Not all men have it in them to talk to women, push themselves out of their comfort zones, and make the move they've been dying to make. And believe me, there are plenty of men out there looking for a woman to do just that. But he definitely will give you a sincere compliment on occasion. This is not to say that shy guys should just transform into confident, outgoing men. There are plenty of women out there who like the shy guy. They like the idea of helping a man break out of his shell. Whatever it is you've discarded or added, he's likely to make a comment on it. Of course, he may not compliment you as often as he'd like.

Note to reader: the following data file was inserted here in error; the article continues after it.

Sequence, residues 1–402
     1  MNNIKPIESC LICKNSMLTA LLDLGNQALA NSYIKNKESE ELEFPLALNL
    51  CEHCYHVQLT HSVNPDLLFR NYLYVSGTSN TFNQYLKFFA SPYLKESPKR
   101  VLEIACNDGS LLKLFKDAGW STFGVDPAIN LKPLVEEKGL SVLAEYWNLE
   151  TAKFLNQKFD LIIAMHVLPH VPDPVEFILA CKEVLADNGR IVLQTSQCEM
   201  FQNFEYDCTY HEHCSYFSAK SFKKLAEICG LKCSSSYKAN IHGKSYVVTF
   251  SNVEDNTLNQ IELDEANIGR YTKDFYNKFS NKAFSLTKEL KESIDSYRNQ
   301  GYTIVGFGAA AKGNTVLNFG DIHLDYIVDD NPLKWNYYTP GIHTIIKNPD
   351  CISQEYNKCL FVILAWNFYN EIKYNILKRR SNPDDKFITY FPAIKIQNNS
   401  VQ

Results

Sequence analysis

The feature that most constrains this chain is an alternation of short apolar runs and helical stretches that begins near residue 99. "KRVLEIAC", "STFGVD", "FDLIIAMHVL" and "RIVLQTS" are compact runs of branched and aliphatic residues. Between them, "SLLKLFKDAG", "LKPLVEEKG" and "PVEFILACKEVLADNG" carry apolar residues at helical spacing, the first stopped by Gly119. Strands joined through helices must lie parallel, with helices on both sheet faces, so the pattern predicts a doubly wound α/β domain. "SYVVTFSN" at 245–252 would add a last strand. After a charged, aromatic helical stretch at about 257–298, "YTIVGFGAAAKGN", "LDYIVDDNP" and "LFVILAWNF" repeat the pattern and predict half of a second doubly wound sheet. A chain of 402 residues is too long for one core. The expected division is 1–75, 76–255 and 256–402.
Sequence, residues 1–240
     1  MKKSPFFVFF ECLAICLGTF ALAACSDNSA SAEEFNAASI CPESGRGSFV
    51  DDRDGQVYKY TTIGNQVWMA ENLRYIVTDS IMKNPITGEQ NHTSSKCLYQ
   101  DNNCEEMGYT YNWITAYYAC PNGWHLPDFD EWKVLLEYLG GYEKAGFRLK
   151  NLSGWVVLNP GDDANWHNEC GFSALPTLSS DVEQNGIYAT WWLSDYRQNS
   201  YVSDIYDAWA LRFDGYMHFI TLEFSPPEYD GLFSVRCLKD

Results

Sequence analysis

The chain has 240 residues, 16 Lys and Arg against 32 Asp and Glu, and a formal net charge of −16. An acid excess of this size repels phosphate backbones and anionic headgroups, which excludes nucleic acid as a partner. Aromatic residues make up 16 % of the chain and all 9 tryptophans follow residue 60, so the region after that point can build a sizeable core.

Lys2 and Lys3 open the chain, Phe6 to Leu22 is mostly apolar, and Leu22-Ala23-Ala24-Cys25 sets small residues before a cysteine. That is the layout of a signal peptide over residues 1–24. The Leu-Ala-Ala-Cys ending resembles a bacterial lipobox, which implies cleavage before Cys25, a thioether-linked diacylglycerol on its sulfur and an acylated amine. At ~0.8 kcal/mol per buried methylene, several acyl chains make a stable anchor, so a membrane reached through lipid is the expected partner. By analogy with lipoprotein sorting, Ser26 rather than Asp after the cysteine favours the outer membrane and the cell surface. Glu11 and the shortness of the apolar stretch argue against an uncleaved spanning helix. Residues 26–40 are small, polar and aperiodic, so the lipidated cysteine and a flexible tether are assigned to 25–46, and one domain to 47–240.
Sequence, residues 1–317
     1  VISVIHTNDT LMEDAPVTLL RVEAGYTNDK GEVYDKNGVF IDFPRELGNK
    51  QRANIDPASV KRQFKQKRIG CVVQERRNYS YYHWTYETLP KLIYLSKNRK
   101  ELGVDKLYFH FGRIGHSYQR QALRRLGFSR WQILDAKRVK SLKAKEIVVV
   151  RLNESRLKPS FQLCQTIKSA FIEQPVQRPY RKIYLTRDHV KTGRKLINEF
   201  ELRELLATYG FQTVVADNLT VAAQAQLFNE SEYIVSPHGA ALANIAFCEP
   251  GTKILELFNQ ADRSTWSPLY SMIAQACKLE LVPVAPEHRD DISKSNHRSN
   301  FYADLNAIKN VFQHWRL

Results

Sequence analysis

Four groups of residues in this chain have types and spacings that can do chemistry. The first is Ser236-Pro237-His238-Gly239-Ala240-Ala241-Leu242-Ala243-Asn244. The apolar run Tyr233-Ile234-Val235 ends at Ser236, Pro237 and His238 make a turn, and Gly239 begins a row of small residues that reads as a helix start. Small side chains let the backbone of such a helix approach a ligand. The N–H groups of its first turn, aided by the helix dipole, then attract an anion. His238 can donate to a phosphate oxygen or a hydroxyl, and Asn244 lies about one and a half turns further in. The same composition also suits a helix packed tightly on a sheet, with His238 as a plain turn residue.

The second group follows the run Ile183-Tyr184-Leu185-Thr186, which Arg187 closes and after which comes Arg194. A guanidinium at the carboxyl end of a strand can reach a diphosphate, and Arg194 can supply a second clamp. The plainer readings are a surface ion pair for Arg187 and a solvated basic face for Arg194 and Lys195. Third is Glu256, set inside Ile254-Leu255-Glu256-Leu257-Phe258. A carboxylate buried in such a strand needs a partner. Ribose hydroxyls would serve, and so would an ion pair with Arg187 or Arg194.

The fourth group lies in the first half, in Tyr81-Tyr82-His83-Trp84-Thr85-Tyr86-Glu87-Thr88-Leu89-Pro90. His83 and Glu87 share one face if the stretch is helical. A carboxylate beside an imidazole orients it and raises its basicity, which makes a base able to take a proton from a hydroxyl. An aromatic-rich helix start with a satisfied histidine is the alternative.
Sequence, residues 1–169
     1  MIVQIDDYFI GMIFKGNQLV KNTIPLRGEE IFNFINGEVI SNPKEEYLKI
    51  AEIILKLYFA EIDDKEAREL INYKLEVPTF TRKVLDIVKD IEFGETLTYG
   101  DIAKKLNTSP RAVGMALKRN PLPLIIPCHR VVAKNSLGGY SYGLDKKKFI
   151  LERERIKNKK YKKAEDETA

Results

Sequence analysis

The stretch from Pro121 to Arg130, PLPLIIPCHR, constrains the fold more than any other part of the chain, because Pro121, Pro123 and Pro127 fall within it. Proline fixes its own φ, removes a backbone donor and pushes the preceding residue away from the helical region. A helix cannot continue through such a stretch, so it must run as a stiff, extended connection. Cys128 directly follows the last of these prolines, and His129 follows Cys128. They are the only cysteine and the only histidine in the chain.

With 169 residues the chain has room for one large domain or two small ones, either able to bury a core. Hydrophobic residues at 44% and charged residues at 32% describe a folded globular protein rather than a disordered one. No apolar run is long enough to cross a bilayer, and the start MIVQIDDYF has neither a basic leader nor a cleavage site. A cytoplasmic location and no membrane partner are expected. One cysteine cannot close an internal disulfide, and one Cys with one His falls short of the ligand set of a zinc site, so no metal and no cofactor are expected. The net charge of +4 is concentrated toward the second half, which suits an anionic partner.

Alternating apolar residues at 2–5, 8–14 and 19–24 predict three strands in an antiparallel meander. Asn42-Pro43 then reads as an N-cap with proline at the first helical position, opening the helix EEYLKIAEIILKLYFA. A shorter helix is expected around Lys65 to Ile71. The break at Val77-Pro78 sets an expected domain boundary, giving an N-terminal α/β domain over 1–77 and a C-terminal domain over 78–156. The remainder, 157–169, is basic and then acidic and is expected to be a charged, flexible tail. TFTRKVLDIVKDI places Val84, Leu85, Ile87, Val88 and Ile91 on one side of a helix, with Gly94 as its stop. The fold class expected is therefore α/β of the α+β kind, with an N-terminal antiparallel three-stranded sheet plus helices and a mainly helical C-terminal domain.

We've picked up a lot of habits (some bad and some good), but you're not about to change them. He talks about how in the “battle of the sexes,” awkward shy guys damn sure don’t feel “privileged.” How he, in particular, was plagued with guilt and fear over approaching women, constantly self-castigating over the possibility that he was a sexual harasser or a rapist, to the point where he asked a therapist about the possibility of chemical castration.He talks of reading Andrea Dworkin and other radical feminists who make him feel, as a man, like a monster. Although I was never as bad off as Scott Aaronson I’ve felt a lot of those feelings and, more importantly, I’ve known my share of guys who were that bad off.There’s no one more resistant to being empathized with or more prone to call attempts to do so “patronizing” than the bitter lonely guy, especially when women try to do it but even when other nerdy guys try to reach out. Nerdlove and the founders of the Good Men Project spend huge chunks of their lives trying to help nerdy guys, but still get regularly blasted with extreme vitriol as “feminist SJWs” by said nerdy guys.I’ve tried to write sympathetically about this stuff in the past: the guilt, the shame, the constant feelings of inadequacy.